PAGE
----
I mean really, it’s just hard to take any of these people seriously about anything.

Wednesday, May 11, 2011

4 Years & Counting

Today’s my Blogiversary! I just checked my very first blog post and read the following:
It's not even mid-May and it's already 88 degrees outside. Shoot me now.

My goodness, how nothing has changed! At all! I just checked the forecast and yep, they’re calling for it to be 88 degrees today.

I can’t remember why I started this blog, other than to give myself a place to vent. I think my logic at the time was, if I vent about something once a day on my own blog, I can devote the rest of my time to other writing instead of farting around on the internet all day. And then Satan invented the Twittahz and Facespace thingie and I was doooomed. Hah!

Anyway, don’t know what the future of this space is but clearly I’m too addicted to it to give it up. I’m humbled that anyone bothers to come over here and read my rants and look at videos of my dogs, but these personal connections in a very impersonal place like the internet are a big reason why I keep coming back. So, thanks for reading.

Cutest Damn Dog Video Of The Day

Lately I've caught Riley chasing the white tip of his tail and it's just too cute not to share:

PC-USA Approves GLBT Ordination

Big news in the church world: the Presbyterian Church USA -- not to be confused with its more conservative cousin, the Presbyterian Church of America -- has finally approved allowing the ordination of GLBT ministers. It only took 33 years!

Well, no one can ever say that they needed more time to discuss the issue!

Pastor John Shuck has the details for those interested in the technicalities.

To me this is just another brick felled in the wall preventing full inclusion in our society for gays and lesbians. Try as some folks might, you can’t stop the culture from changing. They couldn’t stop blacks and whites from marrying, and you won’t be able to stop the gays, either.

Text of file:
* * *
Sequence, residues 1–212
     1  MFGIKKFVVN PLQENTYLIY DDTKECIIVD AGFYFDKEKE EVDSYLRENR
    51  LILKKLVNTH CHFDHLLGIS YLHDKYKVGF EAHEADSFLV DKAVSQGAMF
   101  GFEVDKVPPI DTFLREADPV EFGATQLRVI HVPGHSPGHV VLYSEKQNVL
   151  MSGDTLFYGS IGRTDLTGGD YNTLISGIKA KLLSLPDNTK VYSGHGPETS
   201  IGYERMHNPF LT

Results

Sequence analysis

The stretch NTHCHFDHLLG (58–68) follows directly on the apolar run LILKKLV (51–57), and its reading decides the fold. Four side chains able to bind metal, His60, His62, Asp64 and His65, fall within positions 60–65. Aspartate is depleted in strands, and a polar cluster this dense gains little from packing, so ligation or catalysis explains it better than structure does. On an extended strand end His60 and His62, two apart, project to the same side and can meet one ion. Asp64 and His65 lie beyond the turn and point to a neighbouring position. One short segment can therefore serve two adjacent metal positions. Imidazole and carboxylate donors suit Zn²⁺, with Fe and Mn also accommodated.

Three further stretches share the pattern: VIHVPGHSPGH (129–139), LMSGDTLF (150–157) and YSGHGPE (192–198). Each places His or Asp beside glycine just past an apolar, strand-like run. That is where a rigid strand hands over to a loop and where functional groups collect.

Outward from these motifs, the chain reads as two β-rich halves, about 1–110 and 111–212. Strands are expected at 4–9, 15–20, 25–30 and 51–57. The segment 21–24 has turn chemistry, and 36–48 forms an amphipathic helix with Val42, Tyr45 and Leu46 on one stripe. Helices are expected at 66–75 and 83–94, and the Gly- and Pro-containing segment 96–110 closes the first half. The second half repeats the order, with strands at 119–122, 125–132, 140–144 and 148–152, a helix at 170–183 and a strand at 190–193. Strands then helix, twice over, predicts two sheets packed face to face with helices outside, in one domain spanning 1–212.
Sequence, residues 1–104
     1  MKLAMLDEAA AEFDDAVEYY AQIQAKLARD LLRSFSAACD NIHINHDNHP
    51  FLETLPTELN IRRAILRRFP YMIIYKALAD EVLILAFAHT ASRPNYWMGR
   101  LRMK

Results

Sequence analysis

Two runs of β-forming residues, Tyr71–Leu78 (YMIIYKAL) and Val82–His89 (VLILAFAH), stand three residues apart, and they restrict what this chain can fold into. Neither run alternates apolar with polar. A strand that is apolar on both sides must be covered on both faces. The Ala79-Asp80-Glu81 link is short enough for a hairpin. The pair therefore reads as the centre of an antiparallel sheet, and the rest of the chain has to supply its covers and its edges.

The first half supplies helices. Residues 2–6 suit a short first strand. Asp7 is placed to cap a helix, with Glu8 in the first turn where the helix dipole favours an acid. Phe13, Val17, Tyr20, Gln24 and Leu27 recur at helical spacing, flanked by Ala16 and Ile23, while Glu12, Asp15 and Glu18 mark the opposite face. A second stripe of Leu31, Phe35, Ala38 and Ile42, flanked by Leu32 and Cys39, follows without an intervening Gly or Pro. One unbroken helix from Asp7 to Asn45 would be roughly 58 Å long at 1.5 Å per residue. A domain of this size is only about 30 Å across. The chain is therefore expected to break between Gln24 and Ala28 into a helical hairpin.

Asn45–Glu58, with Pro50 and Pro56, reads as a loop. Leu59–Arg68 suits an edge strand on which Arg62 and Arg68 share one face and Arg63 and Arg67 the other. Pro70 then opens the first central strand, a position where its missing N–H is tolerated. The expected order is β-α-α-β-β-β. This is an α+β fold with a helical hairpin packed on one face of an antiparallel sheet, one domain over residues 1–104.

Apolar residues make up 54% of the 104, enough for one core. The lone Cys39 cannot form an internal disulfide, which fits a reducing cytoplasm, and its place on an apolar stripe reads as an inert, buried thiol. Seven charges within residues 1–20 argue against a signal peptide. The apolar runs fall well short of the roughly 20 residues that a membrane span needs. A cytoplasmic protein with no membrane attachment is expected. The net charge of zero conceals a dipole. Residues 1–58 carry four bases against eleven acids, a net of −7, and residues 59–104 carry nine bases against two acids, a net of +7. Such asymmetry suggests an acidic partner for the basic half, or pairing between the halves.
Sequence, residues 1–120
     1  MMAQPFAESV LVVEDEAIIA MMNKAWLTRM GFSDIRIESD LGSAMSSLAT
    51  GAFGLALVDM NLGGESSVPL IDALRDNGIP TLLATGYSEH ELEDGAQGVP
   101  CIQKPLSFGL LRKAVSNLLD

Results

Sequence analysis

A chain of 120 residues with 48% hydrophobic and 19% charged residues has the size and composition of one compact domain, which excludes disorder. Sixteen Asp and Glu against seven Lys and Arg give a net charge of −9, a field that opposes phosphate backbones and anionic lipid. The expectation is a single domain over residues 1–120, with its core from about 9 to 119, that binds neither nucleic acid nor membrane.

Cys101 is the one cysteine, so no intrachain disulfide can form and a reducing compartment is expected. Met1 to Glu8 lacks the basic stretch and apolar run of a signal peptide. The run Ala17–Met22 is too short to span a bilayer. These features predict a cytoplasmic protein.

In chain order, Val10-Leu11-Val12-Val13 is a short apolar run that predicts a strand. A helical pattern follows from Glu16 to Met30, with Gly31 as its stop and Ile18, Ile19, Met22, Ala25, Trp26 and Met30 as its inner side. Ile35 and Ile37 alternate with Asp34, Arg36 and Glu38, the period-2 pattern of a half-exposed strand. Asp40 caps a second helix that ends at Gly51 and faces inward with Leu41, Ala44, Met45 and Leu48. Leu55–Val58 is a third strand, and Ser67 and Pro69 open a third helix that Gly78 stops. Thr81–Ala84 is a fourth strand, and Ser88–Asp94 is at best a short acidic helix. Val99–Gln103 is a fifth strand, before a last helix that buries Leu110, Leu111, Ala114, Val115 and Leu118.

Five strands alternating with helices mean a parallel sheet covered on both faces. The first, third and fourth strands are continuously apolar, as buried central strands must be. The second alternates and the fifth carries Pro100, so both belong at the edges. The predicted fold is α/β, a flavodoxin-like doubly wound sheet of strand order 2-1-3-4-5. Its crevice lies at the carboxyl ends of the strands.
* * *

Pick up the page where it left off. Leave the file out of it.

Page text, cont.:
Meanwhile, yesterday we read news that the U.S. Navy was preparing for the repeal of “Don’t Ask Don’t Tell” by writing guidelines for performing same sex marriages on Naval bases. This prompted the usual freak-out, and an immediate reversal:
Washington (CNN) -- The Navy did an abrupt about-face late Tuesday, suspending earlier guidance that could have allowed same-sex marriages on military bases once the Pentagon scraps its present Don't Ask, Don't Tell policy.

A memorandum from the Chief of Chaplains, Rear Admiral M.L. Tidd, suspended one he issued about a month ago.

"My memorandum of 13 April 2011 is hereby suspended until further notice pending additional legal and policy review and inter-Departmental coordination," Tidd wrote on Tuesday to all Navy chaplains and "religious program specialists."

The green light for gay marriage on military bases prompted a new round of Congressional opposition to ending Don't Ask, Don't Tell.

Of course it did. But don’t worry, brothers and sisters. The bricks are falling. This one will, too.

Years ago I served on the session of a local Presbyterian church which had welcomed several openly gay families into our congregation. These people were talented and active in the church; we knew they had a lot to contribute to the life of our congregation, so we nominated two individuals to be part of the church’s Session, which is basically the church board. And then we all had to be reminded that in approving their inclusion on our church session we were running afoul of official PC-USA policy. While no one expected this to happen, it was possible our pastors could be removed from their positions.